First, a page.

Stolen Sharpie Revolution 2: a DIY resource to zines and zine culture by Alex Wrekk has everything going against it. The size is unusual and, although it will fit easily in a purse or even a back pocket it doesn’t fit where most books eventually wind up—on a bookshelf. It’s too small and its peculiar size makes it stack up oddly with the rest of the books. Also, although this is a revised edition of an earlier version, there are so many mistakes—everything from spelling to grammar to syntax—that I often had to reread sentences just to make sure I wasn’t overlooking anything. And let me also mention that this book, which is about zine, has the look of a zine with the choppy layouts and the cut and paste appearance of pre-computer-era zines.
There. Now that I have that out of the way, here is what I love about this book:
- Because of its size, it looks like a zine.
- Because of the mistakes in the text, it feels like a zine.
- Because of the layout, it looks and feels like a zine.
- Because of the poor editing, it is a zine.
I love that the author dared to not correct the mistakes. I don’t know when page 56 was replaced by page 55 but it took me a minute to realize that I was rereading the previous page and then when I looked at the bottom for the page numbers and saw 55, 55, 57, I found myself pondering what information should have been on page 56.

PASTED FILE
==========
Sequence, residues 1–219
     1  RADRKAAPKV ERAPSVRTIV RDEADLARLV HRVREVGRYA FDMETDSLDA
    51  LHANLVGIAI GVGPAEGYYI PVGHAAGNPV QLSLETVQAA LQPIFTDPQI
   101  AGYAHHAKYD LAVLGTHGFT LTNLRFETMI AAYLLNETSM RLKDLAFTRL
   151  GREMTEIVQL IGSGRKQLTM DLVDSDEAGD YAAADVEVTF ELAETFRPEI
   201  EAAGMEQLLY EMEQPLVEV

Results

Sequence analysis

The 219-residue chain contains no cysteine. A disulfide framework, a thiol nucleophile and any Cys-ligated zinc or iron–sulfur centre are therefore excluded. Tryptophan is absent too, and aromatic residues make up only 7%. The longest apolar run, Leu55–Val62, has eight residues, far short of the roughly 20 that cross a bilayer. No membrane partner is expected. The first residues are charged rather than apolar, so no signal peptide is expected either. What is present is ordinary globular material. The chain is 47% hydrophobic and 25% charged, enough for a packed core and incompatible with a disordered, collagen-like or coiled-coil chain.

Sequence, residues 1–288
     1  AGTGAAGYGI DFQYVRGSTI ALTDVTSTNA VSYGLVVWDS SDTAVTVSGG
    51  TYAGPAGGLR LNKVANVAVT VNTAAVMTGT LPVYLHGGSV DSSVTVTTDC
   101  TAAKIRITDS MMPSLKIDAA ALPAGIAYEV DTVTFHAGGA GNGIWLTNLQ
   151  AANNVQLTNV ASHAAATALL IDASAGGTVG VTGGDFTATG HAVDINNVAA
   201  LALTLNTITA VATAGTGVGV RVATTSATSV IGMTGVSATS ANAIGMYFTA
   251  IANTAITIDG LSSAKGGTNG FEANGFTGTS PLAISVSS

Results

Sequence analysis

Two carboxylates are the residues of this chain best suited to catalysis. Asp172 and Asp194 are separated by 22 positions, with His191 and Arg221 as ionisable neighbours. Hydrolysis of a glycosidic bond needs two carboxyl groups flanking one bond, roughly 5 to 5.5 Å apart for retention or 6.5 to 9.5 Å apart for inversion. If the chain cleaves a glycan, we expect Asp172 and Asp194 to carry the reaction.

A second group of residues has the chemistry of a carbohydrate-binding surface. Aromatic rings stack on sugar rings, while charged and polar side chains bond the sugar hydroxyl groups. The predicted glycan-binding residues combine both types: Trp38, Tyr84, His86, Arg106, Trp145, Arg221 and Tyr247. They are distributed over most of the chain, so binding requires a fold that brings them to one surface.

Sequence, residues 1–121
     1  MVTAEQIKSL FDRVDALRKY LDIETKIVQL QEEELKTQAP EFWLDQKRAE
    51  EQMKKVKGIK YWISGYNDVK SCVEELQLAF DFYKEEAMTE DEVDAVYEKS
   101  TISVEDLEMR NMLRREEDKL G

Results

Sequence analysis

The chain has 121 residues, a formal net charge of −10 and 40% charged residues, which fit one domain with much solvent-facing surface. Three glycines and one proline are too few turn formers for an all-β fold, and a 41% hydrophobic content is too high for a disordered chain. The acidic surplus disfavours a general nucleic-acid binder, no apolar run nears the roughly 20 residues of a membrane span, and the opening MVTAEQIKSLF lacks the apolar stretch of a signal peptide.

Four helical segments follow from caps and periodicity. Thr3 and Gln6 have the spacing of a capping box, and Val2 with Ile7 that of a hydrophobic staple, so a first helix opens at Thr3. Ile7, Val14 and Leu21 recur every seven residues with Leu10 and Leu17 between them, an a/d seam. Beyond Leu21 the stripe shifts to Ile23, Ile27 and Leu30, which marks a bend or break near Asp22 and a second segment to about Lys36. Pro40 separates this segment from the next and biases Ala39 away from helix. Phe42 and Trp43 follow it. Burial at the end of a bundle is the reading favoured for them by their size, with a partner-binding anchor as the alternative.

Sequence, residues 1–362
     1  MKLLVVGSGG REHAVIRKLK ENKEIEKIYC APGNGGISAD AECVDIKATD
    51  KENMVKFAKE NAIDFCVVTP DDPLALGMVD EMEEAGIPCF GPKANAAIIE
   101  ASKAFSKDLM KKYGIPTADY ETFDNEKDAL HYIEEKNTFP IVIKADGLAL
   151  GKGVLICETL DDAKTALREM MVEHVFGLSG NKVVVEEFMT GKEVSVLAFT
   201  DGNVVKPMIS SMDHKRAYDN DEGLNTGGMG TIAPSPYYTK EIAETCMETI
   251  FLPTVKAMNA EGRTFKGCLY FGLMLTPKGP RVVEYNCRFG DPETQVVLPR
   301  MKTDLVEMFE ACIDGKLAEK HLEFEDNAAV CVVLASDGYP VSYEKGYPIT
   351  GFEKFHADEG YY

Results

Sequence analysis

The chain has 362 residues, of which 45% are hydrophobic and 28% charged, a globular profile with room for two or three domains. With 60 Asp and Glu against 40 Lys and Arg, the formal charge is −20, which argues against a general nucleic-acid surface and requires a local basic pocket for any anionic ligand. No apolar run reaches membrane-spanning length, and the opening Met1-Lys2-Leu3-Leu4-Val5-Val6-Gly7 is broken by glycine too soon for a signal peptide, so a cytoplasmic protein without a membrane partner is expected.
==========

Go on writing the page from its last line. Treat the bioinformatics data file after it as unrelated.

It is this kind of quirky mystery that is almost inevitable with zines and which keeps the whole zine scene interesting. This book isn’t glossy, like some zine books, and most of the content is up to date (although the geocities links are obviously dated). Unfortunately, it is almost inevitable that some of the online resources would be in flux. Thankfully, Wrekk’s own links work and I think it’s safe to say that joining her ning community will keep you updated on the latest and greatest online resources out there.
The usual content is here—where and how to find inspiration, a brief history of zines, and how to create a zine (collating, copying, etc.). There is also a section on how to create your own distro, if you are so inclined. I am not but I still read the content out of curiosity and after reading her words of advice I am still not inclined to jump on the distribution band wagon. Wrekk also does what nobody else does and offers a word of warning and advice to those who are thinking of creating their own zines.
I can see why this spare volume is the zine text of choice for teachers. Definitely a book for newbies. Thankfully not as slick as another zine book I recently read.